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New understandings of the middle order and of the post-1688 English Parliament have shifted the focus from Westminster to the constituencies in the study of eighteenth-century politics. It was the towns, and especially the smaller parliamentary boroughs, that set much of the legislative agenda and which defined partisanship. This is also where religious tension was most intense and enduring.
Yet there has never been a thoroughgoing comparative study of small-town economy, religion, government and politics. Deep in the archives, the history of a clutch of towns in south-west England in the early years of the eighteenth century offers revelatory insights. Their diverse economic structure and religious divisions made these towns extraordinarily difficult to govern, while late Augustan partisanship spread into the streets and taverns, threatening urban order. This precipitated heady local realignments, with three or even four factions in each place cutting across Whig and Tory lines in the pursuit of consensus. In this intensely urban politics, government patronage was peripheral; area gentry were drawn in but had little control. The impact of this many-sided partisanship on national politics was profound.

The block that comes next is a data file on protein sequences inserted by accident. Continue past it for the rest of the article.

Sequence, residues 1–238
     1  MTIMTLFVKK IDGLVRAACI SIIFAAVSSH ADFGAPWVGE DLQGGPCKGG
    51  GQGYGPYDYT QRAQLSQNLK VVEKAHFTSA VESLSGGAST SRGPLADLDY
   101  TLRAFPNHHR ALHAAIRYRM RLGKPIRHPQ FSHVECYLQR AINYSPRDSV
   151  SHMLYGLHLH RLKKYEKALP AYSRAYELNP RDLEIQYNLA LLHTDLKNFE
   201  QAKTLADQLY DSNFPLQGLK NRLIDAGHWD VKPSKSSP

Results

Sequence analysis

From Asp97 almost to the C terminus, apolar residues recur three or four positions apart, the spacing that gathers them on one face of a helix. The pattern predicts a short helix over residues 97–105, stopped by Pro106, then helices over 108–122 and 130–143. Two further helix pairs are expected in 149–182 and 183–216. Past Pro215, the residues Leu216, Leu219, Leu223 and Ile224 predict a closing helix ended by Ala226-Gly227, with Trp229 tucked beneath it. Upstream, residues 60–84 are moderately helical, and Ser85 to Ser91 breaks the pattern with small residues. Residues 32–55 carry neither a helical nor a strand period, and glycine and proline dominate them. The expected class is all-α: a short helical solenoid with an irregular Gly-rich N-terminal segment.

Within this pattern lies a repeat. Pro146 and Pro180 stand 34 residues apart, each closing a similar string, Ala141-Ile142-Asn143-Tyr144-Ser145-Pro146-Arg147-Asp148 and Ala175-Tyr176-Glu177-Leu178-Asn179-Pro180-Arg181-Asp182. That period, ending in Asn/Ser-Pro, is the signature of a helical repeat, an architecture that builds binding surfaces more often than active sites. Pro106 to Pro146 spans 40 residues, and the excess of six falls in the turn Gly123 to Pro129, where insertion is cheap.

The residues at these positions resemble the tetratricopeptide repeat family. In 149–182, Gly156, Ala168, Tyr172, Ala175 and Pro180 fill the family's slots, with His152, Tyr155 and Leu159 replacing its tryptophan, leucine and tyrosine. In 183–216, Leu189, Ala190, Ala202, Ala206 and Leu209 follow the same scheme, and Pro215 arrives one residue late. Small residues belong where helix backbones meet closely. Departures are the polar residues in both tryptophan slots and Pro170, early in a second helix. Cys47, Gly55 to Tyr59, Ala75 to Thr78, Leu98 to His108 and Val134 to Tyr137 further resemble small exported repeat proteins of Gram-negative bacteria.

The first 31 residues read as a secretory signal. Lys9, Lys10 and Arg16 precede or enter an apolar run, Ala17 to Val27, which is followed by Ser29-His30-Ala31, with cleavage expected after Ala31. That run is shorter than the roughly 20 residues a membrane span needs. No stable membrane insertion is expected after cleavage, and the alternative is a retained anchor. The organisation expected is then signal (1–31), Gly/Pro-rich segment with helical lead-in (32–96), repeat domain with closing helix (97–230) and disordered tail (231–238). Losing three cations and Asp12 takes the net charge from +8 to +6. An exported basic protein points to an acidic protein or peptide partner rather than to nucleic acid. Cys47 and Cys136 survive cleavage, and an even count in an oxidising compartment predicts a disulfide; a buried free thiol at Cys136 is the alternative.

Building a clearer picture of significant change around the time of the Hanoverian accession, this book proposes a fresh approach both to the study of early modern politics and of towns far beyond its immediate region. It will be an important asset to scholars and students of both.